June 2007
Volume 7, Issue 9
Free
Vision Sciences Society Annual Meeting Abstract  |   June 2007
Spaced out: good discrimination but poor memory for spacing differences in houses
Author Affiliations
  • Rachel Robbins
    Department of Psychology, Neuroscience & Behaviour, McMaster University
  • Daphne Maurer
    Department of Psychology, Neuroscience & Behaviour, McMaster University
  • Terri Lewis
    Department of Psychology, Neuroscience & Behaviour, McMaster University
Journal of Vision June 2007, Vol.7, 1035. doi:10.1167/7.9.1035
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      Rachel Robbins, Daphne Maurer, Terri Lewis; Spaced out: good discrimination but poor memory for spacing differences in houses. Journal of Vision 2007;7(9):1035. doi: 10.1167/7.9.1035.

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Abstract

Face recognition may differ from object recognition in being more affected by spacing between parts (e.g., distance between eyes) than by the features themselves. Here we examined adults' ability to discriminate and recognise houses in a design similar to that used previously with faces. Stimuli were photographs of houses in three conditions: houses that differed only in spacing between the windows and door; houses that differed only in features (the particular windows and door); and houses that were completely different. Subjects (N=24) completed a match-to-sample task followed by a 2AFC recognition memory task for each condition. The mean spatial frequency amplitude was matched across all sets. Overall, subjects were less accurate at the spacing task than the feature task (81% vs. 90%, t(23) = 4.45, p lt; .001 for discrimination; 47% vs. 89%, t(23) = 4.95, p lt; .001, for memory). Importantly, even for sets for which accuracy on the spacing and feature tasks were matched at the discrimination stage (81% vs. 84%, t(11) = 1.15, p [[gt]] .05), memory for previously seen spacing was at chance (50%, t(11) lt; 1), while memory for particular features remained high (85%, t(11) = 5.3, p [[lt]] .001). This contrasts with a previous study with faces in which adults remembered spacing information learned as part of another task at well above chance levels (Gilchrist & McKone, 2003). The current results for houses are consistent with different real-world processing demands for faces and houses. Facial features change as individuals talk, turn their head, or show facial expressions, and spacing information can be deduced relative to the same basic layout in every face. Houses, conversely, have constant features that can be distinctive and far fewer restrictions on basic structure (the door goes at the bottom but windows can go in any number of locations).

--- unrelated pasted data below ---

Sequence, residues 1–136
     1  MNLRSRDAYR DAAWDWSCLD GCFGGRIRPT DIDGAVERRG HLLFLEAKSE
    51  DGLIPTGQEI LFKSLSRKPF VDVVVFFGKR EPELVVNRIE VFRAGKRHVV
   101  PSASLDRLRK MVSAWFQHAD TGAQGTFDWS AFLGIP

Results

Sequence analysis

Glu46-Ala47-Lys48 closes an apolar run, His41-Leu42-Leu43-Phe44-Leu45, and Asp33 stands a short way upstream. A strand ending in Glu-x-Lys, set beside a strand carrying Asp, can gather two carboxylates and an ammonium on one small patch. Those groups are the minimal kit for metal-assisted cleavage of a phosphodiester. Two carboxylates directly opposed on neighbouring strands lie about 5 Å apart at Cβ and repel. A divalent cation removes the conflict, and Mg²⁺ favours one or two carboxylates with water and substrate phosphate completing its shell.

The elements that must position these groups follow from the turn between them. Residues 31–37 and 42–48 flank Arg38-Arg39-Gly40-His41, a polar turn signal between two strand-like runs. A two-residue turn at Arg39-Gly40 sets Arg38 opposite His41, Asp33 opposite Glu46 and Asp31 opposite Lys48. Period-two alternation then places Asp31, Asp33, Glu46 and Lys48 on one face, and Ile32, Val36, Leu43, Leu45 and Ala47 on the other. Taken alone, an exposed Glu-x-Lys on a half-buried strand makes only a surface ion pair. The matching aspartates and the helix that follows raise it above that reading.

Robbins, R. Maurer, D. Lewis, T. (2007). Spaced out: good discrimination but poor memory for spacing differences in houses [Abstract]. Journal of Vision, 7(9):1035, 1035a, http://journalofvision.org/7/9/1035/, doi:10.1167/7.9.1035. [CrossRef]
Footnotes
 This work was funded by grants from CIHR.
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